Rupee falls by 14 paise to 59.66 on dollar demand, weak equities
Mumbai: Washing out early gains, rupee on Tuesday depreciated by 14 paise to close at 59.66 on defence-related dollar demand and losses in local stock market.
A firm dollar overseas and concerns over fresh capital outflows weighed on the rupee, a forex dealer said.
At the Interbank Foreign Exchange (Forex) market, the domestic unit commenced slightly better at 59.50 a dollar from previous close of 59.52. It later rallied further to a high of 59.17 on initial dollar selling by exporters.
However, rupee met with strong resistance and fell back sharply to a low of 59.7150 before settling at 59.66, showing a fall of 14 paise or 0.24 percent.
Yesterday, it had fallen by 13 paise or 0.22 percent, snapping a three-day upmove after closing at historic low of 60.72 on June 26.
"Rupee continued its volatile move today as well. The market expectation of government and finance ministry to announce some positive news on the FDI issue boosted the sentiments in earlier sessions. But later the gains were erased as dollar demand rose in local markets," said Abhishek Goenka, Founder & CEO, India Forex Advisors.
Treasury officials at private banks said the rise in dollar demand today was on account of "defence-related" payments.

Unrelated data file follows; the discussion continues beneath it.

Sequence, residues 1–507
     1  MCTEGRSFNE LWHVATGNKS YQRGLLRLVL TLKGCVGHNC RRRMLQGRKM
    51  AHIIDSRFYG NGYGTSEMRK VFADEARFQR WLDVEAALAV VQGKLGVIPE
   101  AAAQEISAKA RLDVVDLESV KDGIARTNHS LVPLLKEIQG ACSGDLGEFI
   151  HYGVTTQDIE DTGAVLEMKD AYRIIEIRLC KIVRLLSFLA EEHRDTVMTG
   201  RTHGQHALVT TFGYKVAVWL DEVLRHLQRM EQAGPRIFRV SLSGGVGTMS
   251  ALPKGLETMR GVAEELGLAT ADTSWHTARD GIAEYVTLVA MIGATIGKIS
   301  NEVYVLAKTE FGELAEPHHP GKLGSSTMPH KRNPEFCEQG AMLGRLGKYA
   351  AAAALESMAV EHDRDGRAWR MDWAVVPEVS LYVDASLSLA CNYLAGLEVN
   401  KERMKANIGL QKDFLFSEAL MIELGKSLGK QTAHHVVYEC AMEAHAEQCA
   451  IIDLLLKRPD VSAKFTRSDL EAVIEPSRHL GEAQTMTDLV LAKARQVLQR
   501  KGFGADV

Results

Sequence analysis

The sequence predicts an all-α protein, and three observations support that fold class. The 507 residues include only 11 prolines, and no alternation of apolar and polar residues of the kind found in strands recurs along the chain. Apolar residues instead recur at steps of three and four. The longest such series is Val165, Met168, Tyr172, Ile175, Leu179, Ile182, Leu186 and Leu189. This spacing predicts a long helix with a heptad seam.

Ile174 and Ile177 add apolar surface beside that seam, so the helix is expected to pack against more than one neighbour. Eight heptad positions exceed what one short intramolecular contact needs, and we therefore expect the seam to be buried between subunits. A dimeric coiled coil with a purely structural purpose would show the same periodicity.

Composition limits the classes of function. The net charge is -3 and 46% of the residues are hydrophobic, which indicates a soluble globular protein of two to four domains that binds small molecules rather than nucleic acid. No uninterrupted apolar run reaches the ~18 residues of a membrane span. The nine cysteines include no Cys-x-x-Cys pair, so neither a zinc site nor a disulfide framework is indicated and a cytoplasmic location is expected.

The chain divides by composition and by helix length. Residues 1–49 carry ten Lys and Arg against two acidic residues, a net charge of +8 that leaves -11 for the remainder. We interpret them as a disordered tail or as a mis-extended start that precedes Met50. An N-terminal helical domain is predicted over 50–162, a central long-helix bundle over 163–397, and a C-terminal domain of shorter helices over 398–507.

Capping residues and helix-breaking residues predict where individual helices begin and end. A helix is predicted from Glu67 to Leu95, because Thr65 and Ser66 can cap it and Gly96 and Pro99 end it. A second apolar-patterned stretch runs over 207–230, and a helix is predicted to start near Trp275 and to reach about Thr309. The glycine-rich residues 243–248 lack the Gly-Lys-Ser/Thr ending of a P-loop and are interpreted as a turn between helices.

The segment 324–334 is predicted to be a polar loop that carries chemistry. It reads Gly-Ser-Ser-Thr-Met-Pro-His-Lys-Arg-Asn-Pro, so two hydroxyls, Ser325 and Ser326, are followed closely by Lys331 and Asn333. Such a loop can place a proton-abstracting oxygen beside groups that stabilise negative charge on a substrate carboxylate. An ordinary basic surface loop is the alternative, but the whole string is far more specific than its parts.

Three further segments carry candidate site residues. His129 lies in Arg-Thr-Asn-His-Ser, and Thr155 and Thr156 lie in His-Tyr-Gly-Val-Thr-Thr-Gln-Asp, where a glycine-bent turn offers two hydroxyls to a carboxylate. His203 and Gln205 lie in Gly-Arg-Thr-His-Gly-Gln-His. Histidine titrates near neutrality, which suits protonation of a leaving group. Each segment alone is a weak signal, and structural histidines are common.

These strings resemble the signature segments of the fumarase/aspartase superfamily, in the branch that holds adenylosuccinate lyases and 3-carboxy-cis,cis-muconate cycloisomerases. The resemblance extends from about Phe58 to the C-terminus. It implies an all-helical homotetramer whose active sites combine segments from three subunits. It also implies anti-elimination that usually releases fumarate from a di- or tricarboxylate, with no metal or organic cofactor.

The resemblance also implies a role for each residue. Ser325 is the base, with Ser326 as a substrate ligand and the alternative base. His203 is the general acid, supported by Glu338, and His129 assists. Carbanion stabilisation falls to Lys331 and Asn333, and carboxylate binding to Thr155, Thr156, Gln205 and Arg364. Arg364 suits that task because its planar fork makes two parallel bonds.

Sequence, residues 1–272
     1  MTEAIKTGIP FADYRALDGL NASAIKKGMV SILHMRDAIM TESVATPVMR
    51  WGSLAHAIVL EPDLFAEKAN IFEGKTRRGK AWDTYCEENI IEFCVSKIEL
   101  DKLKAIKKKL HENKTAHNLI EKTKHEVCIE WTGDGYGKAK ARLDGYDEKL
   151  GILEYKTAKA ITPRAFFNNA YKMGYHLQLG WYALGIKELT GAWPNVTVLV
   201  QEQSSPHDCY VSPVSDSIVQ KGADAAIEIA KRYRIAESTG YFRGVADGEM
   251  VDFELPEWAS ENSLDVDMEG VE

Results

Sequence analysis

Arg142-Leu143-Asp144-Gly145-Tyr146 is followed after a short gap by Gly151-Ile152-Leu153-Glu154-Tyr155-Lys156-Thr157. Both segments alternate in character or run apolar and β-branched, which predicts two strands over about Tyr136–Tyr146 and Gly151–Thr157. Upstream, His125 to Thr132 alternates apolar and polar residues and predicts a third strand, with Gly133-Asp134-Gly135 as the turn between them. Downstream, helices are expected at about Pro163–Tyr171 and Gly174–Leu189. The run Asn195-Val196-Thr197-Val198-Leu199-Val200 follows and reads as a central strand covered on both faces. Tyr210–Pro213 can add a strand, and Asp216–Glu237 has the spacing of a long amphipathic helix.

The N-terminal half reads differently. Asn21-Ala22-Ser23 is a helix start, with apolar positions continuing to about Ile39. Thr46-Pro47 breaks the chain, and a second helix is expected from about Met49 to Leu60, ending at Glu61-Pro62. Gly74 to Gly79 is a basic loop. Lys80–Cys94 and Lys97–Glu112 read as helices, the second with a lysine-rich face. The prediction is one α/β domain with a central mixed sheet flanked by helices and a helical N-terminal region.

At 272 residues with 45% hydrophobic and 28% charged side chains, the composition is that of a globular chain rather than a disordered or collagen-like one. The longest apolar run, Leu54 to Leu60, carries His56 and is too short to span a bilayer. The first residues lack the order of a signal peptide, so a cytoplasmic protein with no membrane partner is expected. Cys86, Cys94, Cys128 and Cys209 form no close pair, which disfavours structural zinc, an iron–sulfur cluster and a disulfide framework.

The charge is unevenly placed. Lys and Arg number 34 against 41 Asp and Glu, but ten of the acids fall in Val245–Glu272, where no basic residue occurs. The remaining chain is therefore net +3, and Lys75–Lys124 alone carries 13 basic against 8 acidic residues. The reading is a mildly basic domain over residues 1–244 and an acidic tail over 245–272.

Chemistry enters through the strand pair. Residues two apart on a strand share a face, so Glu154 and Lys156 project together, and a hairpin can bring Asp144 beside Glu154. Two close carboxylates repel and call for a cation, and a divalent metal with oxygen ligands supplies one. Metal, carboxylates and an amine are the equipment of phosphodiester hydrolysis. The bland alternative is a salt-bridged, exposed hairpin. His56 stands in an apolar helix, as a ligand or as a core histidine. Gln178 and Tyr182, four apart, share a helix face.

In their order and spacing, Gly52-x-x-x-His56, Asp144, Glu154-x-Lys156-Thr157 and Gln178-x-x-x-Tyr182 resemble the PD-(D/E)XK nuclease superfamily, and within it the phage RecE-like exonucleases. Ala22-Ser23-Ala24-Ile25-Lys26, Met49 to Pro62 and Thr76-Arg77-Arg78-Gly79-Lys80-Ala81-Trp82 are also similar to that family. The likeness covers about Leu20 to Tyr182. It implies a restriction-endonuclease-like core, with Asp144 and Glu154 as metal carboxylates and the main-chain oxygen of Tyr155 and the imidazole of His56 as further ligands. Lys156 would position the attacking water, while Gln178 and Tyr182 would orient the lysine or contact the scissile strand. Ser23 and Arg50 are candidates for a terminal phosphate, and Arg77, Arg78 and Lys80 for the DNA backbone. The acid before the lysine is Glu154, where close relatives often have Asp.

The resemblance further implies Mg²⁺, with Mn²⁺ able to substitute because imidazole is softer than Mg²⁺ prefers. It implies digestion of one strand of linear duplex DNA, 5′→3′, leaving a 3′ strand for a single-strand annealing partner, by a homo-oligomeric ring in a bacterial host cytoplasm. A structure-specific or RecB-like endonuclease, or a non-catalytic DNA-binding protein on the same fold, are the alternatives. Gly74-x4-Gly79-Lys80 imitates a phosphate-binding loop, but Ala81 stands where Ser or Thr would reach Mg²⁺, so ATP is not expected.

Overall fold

Meanwhile, the Indian benchmark S&P BSE Sensex today dipped by 113.57 points or 0.58 percent. FIIs sold shares worth Rs 1.48 crore yesterday, as per provisional data with stock exchanges.
The dollar index was up by 0.21 percent against a basket of six major global rivals.
Pramit Brahmbhatt, CEO, Alpari Financial Services (India) said: "Dollar index traded strong against the other major currencies which forced rupee to surrender and closed weak for the second consecutive day.
The major resistance for spot USDINR is set at the 59.88. If it is breached then the next level to watch will be between 60.20- 60.30."
"The sentiment in the stock market weakened due to falling trade volumes and as foreign investors resumed their net sales," Goenka said.
Foreign brokerage Credit Suisse said in a report that the recent rupee fall was mostly due to FII debt outflows -- their USD holdings are now down to January 2012 levels
"The concern for us now is on second order effects on EM Equity flows in case the rise in EM (Emerging Markets) bond yields causes further slowdown. Any disruption in EM equity flows can hurt the Indian Rupee," it added.
Recent developments on the local currency front mean the chance of the RBI cutting at July 30 meeting are close to zero, said experts.
The fear is rupee weakness may reverse some of the positive signs on the macroeconomic front. A weaker local currency can add to inflationary pressure, widen the fiscal deficit and slow capital inflows, without having a positive effect on the current account deficit, they added.
Meanwhile, premium for forward dollar improved further on sustained payments from banks and corporates.
Benchmark six-month forward dollar premium payable in December inched up to 175-177 paise from overnight close of 174-176 paise. Far-forward contracts maturing in June also firmed up to 347-1/2-349-1/2 paise from 341-1/2-343-1/2 paise.
RBI fixed the reference rate for the US dollar at 59.4145 and for the euro at 77.6085.
Rupee recovered against the pound sterling to 90.43 from Monday's close of 90.56 while eased further to 77.68 per euro from 77.63.
It, however, fell back slightly against the Japanese yen to 59.79 per 100 yen from last close of 59.75.